A new study commissioned by the Interactive Advertising Bureau and led by a researcher from Harvard Business School found that the internet economy grew seven times faster than the total U.S. economy during the past four years, and now accounts for 12% of the U.S. gross domestic product. The internet economy’s contribution to the U.S. GDP grew 22% per year since 2016, in a national economy that grows 2-3% per year.
In 2020 alone, the IAB says the web contributed $2.45 trillion to the country’s $21.18 trillion GDP. Since IAB began measuring the economic impact of the internet in 2008, its contribution to GDP has grown eightfold, from $300 billion to $2.45 trillion.
During the eight years since the IAB’s last two studies, the internet has made business formation “a much more democratic process,” according to John Deighton, the Harold M. Brierley Professor of Business Administration Emeritus, Harvard Business School. “Not only large firms, but also large numbers of small firms and individuals, now have the platforms and tools to find customers, engage with them, and transact,” Deighton said. “And founders don’t need to bring large amounts of capital to the table. Investors have shown great willingness to supply the capital, confident that advertising, sale of subscriptions and licenses, and freemium options will get them an attractive return on their investment.”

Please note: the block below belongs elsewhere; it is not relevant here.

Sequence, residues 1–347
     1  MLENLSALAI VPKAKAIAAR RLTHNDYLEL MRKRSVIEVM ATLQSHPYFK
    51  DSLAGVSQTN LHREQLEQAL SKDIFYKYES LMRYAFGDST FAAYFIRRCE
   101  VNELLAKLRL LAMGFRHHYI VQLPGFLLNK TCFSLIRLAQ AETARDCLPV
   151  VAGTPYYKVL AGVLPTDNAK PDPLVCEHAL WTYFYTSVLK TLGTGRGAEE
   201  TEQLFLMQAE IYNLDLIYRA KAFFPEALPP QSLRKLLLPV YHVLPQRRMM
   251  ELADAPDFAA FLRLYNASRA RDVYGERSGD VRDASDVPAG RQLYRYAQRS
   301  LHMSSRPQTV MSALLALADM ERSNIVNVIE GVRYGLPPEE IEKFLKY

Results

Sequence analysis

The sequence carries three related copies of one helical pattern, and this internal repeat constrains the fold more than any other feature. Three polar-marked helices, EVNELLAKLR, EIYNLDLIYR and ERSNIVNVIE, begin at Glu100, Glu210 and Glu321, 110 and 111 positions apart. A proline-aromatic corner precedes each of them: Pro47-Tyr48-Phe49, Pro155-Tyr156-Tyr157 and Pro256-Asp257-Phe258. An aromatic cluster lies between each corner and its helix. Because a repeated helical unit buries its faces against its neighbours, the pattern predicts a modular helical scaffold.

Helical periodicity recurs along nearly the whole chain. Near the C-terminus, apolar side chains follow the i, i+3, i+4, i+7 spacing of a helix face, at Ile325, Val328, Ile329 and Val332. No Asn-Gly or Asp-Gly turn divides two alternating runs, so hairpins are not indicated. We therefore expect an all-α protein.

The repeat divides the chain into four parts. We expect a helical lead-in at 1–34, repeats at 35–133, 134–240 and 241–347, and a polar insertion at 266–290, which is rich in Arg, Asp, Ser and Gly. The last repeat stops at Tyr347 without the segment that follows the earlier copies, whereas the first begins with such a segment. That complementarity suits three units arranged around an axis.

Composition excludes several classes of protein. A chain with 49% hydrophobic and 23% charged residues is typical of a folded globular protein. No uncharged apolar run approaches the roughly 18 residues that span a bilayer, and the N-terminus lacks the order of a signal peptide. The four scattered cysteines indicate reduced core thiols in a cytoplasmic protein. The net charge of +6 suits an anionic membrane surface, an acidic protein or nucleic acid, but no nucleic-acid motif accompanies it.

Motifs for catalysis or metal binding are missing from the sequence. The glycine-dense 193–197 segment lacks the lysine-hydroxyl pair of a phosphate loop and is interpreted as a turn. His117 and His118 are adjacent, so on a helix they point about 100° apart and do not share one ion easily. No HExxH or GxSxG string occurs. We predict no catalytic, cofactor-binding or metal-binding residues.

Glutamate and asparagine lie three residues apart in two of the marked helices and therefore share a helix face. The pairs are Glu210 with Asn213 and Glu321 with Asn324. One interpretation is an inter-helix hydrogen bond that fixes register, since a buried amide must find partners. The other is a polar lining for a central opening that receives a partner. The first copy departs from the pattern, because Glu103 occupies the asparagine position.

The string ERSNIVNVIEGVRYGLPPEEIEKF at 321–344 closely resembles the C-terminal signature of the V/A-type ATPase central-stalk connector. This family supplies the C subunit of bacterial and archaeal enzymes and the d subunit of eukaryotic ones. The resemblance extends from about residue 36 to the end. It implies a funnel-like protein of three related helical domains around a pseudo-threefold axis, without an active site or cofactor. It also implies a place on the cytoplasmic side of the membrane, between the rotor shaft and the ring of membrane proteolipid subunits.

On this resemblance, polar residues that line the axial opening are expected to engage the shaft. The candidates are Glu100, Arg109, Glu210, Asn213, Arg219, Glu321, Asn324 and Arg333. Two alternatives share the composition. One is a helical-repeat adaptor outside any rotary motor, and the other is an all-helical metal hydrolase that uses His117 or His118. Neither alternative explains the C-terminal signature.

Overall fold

David Cohen, Chief Executive of the IAB, said the internet is leading a “radical transformation” of the U.S. economy. “Not only are the barriers to entry lower, but the power of interactive advertising allows businesses to connect with consumers faster and more efficiently than ever before,” Cohen said. “As regulators continue to examine online and digital data policies, they must understand how the internet powers economic growth and how proposed regulations could slow or even stop that growth.”
The IAB’s 162-page study, “The Economic Impact of the Market-Making Internet – Advertising, Content, Commerce, and Innovation: Contribution to U.S. Employment and GDP,” includes a brief section devoted to digital audio. Focusing on the “explosive growth” of non-music audio, it notes that podcasting now encompasses 30 million episodes and close to 1 million active podcasts that reach over 100 million Americans each month. “As is so often the case with industries with a low barrier to entry, podcasting is a very long tail business, in which 1,000 downloads places the show in the 20% of all podcasts, 30,000 downloads places the show in the top 1% of all podcasts, and the median number of downloads is 123,” the report says. As widely reported, revenue for the podcasting sector is now approaching $1 billion annually. That’s a more than fivefold increase from the last IAB economic impact report four years ago.
One of the driving forces behind the growth of podcasting is “the continuing search for a viable business model in the streaming music sector,” the report says. “Non-music audio offers platforms a chance to monetize without having to pay revenue to third-party rights holders.”
In other findings from the report:
More than 17 million jobs in the U.S. were generated by the commercial internet, 7 million more than four years ago.
More internet jobs, 38%, were created by small firms and self-employed individuals than by the largest internet companies, which generated 34%.
There are 200,000 full-time equivalent jobs in the online creator economy. This number is just short of the combined memberships of craft and labor unions SAG-AFTRA (160,000), the American Federation of Musicians (80,000), the Writer’s Guild (24,000), and the Authors Guild (9,000)
Download the full report HERE.